At 17, Kimberly Coffey was vibrant and healthy, and looking forward to starting college to become a pediatric nurse.
She was beautiful with a radiant smile, a caring heart, and a witty sense of humor. She loved to sing, dance and perform in school musicals. Her greatest joy was a sunny day at the beach with her toes in the sand. Kimberly lived life from her heart, and she had so much more life to live.
As a high school senior, Kimberly came home from school one afternoon complaining of body aches and a fever of 101. Her pediatrician recommended that she come to the office the following morning if her flu-like symptoms didn’t improve. The next morning, it was clear that this was something much more serious.
She complained that her entire body hurt from her “eyelashes down to her toes,” and she felt like her ankles were "bleeding." As a registered nurse, I recognized the tiny purple dots on her ankle and panicked. Shortly after, she complained of intense pain in her back, where a dark purple rash had spread within a matter of minutes. She was rushed to the Emergency Room.
When the doctor in the ER told me she suspected Kimberly had bacterial meningitis, it didn’t seem possible because she had been vaccinated. I had made sure that both of my children were up to date on all of their vaccines, including the meningococcal vaccination.
I later learned that the meningococcal vaccine Kimberly had received (serogroup ACWY) did not protect her against meningitis B (serogroup B). I also learned that at the time, in 2012, there wasn’t a meningitis B vaccine available in the U.S. I was under the false impression that Kimberly was fully protected, when in fact, she was not.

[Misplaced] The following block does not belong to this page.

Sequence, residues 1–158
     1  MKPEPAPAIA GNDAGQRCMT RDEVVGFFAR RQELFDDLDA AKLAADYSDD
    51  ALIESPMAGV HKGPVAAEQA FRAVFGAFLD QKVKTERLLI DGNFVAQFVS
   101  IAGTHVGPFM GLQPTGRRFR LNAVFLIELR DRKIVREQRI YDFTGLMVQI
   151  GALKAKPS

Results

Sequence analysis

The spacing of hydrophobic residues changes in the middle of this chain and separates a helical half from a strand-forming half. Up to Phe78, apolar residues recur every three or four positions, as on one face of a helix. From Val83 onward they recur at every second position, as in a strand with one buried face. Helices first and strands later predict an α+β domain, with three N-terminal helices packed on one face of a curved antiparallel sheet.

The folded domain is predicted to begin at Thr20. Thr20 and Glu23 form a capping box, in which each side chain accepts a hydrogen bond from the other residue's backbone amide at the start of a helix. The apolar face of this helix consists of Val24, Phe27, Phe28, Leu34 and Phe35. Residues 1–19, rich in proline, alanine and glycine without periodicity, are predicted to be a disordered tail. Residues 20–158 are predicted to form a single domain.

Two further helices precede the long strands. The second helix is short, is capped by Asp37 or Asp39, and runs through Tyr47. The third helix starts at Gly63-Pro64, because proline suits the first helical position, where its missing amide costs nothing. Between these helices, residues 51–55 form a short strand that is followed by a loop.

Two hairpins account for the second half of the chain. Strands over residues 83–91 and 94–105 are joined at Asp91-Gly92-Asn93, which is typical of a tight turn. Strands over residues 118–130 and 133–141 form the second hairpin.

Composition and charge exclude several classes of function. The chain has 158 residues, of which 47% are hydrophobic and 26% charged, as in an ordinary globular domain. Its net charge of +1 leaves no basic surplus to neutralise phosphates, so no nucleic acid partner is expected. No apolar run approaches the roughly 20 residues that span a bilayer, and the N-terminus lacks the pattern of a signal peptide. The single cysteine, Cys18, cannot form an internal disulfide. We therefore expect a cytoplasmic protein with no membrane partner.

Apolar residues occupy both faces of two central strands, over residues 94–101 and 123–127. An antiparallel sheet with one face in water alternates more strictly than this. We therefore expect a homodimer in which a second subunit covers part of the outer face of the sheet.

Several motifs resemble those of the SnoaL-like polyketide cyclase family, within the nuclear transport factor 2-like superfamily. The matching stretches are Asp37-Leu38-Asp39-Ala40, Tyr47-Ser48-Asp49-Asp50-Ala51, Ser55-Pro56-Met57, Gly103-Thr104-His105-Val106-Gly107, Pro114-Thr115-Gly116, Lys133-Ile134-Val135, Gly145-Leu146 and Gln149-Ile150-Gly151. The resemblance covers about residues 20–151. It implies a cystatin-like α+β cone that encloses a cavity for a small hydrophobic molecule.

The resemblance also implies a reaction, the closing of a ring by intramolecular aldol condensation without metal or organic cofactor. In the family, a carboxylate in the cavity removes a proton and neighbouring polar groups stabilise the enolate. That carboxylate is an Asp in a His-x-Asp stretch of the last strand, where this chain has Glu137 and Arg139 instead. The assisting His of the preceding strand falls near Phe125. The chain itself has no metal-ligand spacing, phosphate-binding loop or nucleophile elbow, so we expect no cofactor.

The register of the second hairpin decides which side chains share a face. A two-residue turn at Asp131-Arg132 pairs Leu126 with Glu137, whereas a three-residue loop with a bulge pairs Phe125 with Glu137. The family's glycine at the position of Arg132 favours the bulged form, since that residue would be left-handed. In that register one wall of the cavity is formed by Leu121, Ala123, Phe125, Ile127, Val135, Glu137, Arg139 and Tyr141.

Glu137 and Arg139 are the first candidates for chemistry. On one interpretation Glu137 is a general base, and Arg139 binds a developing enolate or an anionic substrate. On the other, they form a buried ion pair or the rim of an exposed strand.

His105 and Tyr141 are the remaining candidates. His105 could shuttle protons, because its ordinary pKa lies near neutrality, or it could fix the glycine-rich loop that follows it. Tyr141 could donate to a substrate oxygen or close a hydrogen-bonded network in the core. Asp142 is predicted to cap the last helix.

Within hours of Kimberly’s first symptoms, her heart and kidneys were failing. The purple rash had now spread all over her body, and she was rapidly losing blood flow to her extremities. Two days later, the official diagnosis was confirmed. Kimberly had meningococcemia — the meningococcal bacteria had infected her blood, and she was fighting for her life. After starting dialysis for her failing kidneys, she went into cardiac arrest. She was resuscitated and placed on a ventilator. Kimberly still had brain activity, and we still had hope. As the days stretched on, it was apparent that if Kimberly survived, she would likely be a quadruple amputee.
Not too long after, Kimberly was declared brain dead. I had to make the most difficult decision of my life to remove my beautiful 17-year-old daughter from life support. There is not one hour that goes by that I don’t think about her.
Kimberly Coffey was buried three days before her high school graduation in the prom dress she didn’t get to wear. She didn’t have the opportunity to be vaccinated against Meningitis B.